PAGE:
New research hints that a history of obesity could lead to poorer mental health in the present, even if an individual is no longer classified as obese.
This could subsequently heighten the risk of premature death, irrespective of a person’s current weight status. The study’s findings will be presented at the European Congress on Obesity (ECO) in Dublin, Ireland.
The Hypothesis and Methodology
Dr. I Gusti Ngurah Edi Putra, from the University of Liverpool, UK, led the study.
He noted that previous research indicated individuals who lost weight and were no longer obese still feared stigmatization due to their past obesity.
This fear led to the hypothesis that past obesity could potentially have long-term psychological impacts, a theory known as ‘weight scarring’.
To test this theory, Dr. Putra and his team utilized data from two nationally representative US studies, the National Health and Nutrition Examination Survey (NHANES) and the Health and Retirement Study (HRS).
These datasets provided information on past and current weight, height, symptoms of depression, other psychological well-being indicators, and mortality.
The study’s results indicated a link between past obesity and a higher level of depressive symptoms.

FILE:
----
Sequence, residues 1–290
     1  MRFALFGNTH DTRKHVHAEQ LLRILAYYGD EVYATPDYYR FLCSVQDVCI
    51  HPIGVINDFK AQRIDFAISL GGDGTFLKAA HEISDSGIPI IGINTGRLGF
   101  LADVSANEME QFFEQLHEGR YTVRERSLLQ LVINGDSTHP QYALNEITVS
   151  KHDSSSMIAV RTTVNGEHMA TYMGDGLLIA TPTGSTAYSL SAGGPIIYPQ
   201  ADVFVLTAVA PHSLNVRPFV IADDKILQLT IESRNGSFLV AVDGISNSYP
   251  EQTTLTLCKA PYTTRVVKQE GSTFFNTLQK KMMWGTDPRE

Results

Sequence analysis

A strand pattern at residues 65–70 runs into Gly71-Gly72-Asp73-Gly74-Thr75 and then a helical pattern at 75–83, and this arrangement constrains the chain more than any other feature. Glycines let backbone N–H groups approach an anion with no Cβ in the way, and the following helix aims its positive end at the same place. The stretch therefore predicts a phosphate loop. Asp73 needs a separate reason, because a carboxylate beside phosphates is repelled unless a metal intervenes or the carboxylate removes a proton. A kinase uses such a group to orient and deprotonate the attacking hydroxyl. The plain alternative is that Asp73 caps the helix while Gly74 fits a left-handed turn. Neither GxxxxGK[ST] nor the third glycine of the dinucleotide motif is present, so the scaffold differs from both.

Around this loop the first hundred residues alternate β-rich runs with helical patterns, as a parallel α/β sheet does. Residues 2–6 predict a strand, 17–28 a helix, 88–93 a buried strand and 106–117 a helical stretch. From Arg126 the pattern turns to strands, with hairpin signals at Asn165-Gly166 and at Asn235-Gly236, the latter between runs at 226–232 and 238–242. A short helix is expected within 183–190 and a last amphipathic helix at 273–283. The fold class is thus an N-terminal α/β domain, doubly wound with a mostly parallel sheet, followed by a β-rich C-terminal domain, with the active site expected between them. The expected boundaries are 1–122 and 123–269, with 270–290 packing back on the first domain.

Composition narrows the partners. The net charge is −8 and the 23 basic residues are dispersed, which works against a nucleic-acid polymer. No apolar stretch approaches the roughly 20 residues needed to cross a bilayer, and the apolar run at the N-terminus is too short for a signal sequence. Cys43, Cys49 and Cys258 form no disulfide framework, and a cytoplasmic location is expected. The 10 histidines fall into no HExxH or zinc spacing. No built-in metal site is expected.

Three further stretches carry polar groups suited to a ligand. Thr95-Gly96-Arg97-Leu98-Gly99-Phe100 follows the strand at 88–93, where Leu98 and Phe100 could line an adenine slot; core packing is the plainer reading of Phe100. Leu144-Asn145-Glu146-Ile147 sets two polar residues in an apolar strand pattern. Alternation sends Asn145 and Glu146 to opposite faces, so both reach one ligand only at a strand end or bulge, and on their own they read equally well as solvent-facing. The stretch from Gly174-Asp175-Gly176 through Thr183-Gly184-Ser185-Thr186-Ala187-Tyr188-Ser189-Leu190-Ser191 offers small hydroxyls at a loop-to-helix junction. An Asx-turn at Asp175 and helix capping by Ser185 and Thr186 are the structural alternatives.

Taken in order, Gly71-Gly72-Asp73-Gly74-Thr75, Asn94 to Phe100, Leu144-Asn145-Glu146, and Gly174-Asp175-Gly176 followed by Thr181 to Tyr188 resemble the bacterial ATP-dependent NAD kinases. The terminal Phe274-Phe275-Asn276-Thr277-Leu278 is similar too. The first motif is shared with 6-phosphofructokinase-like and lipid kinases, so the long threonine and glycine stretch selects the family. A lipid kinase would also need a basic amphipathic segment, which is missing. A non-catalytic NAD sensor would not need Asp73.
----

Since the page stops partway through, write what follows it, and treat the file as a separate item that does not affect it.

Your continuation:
Even among individuals no longer classified as obese, past obesity was connected with a broader range of psychological well-being issues, such as depressive symptoms, loneliness, anxiety, and feelings of hopelessness.
Past obesity increased the risk of premature death by about 30%, irrespective of the individual’s current weight status.
This increased risk was partly attributed to the poorer psychological health associated with a history of obesity.
Conclusions and Recommendations
The preliminary findings suggest that obesity may leave psychological ‘scars’ that could heighten the risk of early death.
Dr. Putra advocates for providing psychological support to individuals with a history of obesity, even after they have lost weight, to potentially reduce the risk of future health problems.
However, he cautions that these preliminary findings are based on observational data, and thus can only identify associations, not causation.
He encourages further research to confirm and delve deeper into these findings.
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